Crop insurance available for second year


By Farmers Weekly staff


DALGETY Agriculture is planning to offer its crop insurance package again this harvest, despite a disappointing uptake by farmers when it was launched last year.


“We are sure this sort of risk management tool has a future, though it will take some time for farmers to get used to the idea,” says commercial director Andrew Barnard.


“The product is quite complex. I dont think we started promoting it early enough for many to take it up last autumn.”


But the US experience provides encouragement.


“Uptake was slow when this type of policy, covering both price and yield fluctuations, was launched five years ago.


“But it increased rapidly, especially as markets became more volatile.”

Dalgety Protect example
Base  
10-year regional yield 7.6t/ha
March futures price 69/t
Expected return 524.40/ha
Premium  
1.5% of expected return 7.34/ha
Insured amount  
90% of historic yield 6.84t/ha
95% of March futures 65.55/ha
Minimum return 448.36/ha

  • Farmers pay a premium of 7.34/ha to guarantee an income of 448.36/ha should the price or yield fall
  • Historic yields and % premium rates change according to the region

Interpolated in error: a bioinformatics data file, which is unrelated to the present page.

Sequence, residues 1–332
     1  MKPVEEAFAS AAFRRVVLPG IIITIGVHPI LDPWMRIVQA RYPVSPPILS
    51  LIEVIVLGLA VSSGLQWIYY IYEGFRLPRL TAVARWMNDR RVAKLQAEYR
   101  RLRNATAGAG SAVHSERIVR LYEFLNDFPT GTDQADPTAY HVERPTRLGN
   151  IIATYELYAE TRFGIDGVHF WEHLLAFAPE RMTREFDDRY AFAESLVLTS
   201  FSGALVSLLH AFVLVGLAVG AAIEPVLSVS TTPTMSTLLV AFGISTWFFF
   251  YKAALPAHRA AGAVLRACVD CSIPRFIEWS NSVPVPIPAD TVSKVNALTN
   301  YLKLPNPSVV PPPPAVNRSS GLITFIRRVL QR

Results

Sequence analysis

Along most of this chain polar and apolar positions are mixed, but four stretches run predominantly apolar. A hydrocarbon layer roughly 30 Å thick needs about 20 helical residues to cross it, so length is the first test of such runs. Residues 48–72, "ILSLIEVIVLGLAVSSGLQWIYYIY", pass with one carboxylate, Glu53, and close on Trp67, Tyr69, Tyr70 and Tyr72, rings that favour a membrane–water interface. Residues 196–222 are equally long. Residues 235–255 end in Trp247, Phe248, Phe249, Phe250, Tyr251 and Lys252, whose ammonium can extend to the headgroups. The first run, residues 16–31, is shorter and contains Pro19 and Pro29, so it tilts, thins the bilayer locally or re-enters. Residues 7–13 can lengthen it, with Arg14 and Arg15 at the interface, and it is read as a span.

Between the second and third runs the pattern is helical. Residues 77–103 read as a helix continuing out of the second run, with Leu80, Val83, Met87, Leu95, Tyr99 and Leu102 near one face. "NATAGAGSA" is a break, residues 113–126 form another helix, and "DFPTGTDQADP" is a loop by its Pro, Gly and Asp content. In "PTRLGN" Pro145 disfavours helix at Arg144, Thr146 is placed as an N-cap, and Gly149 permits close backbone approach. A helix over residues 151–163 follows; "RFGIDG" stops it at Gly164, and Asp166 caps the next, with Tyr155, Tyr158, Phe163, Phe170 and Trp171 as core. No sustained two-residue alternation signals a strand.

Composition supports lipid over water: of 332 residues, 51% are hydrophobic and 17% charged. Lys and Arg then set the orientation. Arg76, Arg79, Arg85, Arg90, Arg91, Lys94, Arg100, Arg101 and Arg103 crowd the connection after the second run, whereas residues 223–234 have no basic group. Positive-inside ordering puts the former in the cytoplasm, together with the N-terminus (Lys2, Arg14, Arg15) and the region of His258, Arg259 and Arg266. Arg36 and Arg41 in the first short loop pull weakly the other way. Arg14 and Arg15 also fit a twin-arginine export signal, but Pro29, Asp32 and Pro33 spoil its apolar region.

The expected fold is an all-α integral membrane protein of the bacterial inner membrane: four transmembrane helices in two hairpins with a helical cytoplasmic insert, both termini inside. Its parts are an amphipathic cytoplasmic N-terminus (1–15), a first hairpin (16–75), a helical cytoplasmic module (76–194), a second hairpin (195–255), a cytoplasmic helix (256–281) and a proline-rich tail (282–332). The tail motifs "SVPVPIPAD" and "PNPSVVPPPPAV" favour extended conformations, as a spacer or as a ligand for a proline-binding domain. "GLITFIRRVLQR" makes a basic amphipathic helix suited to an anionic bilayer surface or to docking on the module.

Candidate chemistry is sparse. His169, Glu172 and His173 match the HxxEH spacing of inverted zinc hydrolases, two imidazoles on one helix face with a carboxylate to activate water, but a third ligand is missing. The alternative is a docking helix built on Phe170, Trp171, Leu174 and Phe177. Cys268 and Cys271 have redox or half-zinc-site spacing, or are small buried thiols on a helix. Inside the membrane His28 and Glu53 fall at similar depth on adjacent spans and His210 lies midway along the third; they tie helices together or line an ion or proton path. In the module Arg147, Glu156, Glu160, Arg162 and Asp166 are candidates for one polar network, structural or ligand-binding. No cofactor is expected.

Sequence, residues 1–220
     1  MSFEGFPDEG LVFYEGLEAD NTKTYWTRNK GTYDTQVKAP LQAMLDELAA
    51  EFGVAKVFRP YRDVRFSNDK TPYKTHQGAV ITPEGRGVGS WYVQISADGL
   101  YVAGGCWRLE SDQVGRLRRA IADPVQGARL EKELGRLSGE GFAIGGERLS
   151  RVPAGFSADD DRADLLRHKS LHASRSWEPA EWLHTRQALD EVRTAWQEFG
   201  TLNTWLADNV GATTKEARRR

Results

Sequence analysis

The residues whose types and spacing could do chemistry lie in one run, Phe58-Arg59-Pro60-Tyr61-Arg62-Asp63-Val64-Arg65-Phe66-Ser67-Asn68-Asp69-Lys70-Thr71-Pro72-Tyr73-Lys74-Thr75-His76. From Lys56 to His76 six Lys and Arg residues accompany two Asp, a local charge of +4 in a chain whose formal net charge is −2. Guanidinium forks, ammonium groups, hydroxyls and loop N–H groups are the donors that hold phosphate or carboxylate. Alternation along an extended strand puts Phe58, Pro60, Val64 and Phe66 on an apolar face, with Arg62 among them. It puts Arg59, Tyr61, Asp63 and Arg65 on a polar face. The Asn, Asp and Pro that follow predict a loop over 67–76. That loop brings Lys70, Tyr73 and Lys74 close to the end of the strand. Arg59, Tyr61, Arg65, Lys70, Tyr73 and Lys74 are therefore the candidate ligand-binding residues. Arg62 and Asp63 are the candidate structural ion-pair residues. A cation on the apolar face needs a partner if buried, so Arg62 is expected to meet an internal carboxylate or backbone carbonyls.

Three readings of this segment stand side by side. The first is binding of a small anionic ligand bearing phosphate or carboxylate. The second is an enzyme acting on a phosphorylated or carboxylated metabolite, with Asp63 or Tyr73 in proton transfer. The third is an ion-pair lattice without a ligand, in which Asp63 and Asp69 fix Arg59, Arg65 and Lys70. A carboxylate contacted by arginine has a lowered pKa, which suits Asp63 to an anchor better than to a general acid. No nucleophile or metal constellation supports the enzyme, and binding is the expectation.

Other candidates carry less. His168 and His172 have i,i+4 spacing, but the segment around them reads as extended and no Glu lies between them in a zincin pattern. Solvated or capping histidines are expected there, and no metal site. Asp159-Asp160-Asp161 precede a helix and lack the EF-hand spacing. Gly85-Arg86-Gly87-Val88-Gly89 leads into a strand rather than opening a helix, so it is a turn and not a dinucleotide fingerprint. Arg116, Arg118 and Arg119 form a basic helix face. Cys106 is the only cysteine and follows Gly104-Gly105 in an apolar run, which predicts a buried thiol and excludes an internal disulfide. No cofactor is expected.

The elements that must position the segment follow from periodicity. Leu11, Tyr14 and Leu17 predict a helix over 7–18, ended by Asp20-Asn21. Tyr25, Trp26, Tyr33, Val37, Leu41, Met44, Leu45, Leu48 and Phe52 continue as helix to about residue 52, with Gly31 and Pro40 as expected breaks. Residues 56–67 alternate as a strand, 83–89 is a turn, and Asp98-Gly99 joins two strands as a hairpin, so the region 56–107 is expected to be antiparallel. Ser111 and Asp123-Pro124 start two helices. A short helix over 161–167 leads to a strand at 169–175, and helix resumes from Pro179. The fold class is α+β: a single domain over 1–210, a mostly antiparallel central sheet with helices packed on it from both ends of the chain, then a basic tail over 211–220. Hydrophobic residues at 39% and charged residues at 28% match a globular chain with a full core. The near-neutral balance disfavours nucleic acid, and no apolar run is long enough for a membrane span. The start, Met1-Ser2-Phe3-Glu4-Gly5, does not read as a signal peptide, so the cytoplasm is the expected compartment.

• About 80% of US arable farmers now use crop insurance as a matter of course.


    Dalgety Protect will be open for applications from July to the end of October, providing cover for crops planted this autumn.


    The terms will be much the same as last year.


    Expected revenue will be based on each regions historic yield and the March 2002 futures value.


    Premiums will be taken as a percentage of this, ranging from less than 1.5% in low risk regions, such as the east midlands, to almost 4% in high risk regions, such as Scotland.


    The underwritten amount is based on 90% of the historic yield and 95% of the futures price.


    The policy will be triggered if actual revenue falls below this.


    Brussels is also understood to be examining crop insurance closely, as it looks for ways of protecting farmers when export subsidies eventually go.


    A report from a commission committee last year called for more research into the subject as a possible way of stabilising farm incomes.


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